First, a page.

Although Lakoff applies his theory to contemporary political life, it easily translates into contemporary religious life as well. As a matter of fact, the whole language of “liberal” and “conservative” is a good example of successful framing. The current denominational tensions over homosexuality serve as a useful case study. Long before anyone used the word “homosexual” in polite company, the issue was framed. Our great-grandparents framed it in the late 19th and early 20th century when they told their story: American Protestantism was caught in a life-and-death struggle between fundamentalists and modernists, between conservatives and liberals. The war for America’s soul was on: People lined up and took sides. Conservatives depicted themselves as champions of orthodoxy, and they depicted liberals as purveyors of “another religion.” Liberals depicted themselves as “fearless modernists,” as Christians who were willing to embrace the intellectual consequences of science and history, and they depicted conservatives as half-witted, backwoods snakehandlers. There were, of course, plenty of folks who saw all this as extreme and refused to take sides, but the story of the middle way (or ways) was effectively silenced amidst the framework of “liberal versus conservative” and the discreet frames each side develop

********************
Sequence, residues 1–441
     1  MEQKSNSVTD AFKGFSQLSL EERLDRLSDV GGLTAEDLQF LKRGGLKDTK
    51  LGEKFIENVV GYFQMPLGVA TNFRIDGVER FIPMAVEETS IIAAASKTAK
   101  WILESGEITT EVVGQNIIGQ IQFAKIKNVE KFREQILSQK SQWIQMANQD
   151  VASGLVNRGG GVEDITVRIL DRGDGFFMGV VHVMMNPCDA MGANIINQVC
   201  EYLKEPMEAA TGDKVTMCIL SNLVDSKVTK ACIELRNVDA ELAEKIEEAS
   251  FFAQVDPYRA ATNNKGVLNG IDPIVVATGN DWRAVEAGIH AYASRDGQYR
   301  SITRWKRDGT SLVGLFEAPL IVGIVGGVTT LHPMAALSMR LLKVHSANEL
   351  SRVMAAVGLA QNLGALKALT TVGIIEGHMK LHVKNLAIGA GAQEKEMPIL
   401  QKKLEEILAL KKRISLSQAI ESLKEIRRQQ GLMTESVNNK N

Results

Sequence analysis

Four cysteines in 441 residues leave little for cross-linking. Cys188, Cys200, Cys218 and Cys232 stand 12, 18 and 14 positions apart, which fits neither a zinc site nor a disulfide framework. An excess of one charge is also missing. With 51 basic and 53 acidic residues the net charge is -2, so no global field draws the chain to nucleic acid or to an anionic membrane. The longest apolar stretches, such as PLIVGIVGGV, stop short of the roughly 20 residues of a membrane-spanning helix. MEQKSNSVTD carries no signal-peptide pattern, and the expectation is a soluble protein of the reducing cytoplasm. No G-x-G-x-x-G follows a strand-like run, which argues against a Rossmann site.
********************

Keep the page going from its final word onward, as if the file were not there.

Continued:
In our great-grandparents’ frame, the liberals eventually “won” mainline denominations, leaving fundamentalists to fend for themselves in exile. The framing of the story destroyed lives and institutions, setting the template for Protestant tensions for generations to come. For more than a century, church historians taught this frame to future clergy. “Liberal versus conservative” exemplifies the power of framing a religious story—and how long a frame can last.

Some Protestants today still act as if that frame applies. Essentially, the story of most contemporary religion is told in our great-grandparents’ framework. Certainly, the “liberal versus conservative” analysis dominates the issue of homosexuality. But what if the framework does not fit the ideas? What if the frame was never true in the first place? What if that frame has always been violent and exclusionary? What if it is based on a premise of winning? What does that say of the Christian message? It is time to jettison our great-grandparents’ frame and start telling our own stories. Might new stories open new possibilities of dealing with church conflict? Can we actually reframe the story and create a new way of being faithful together in God?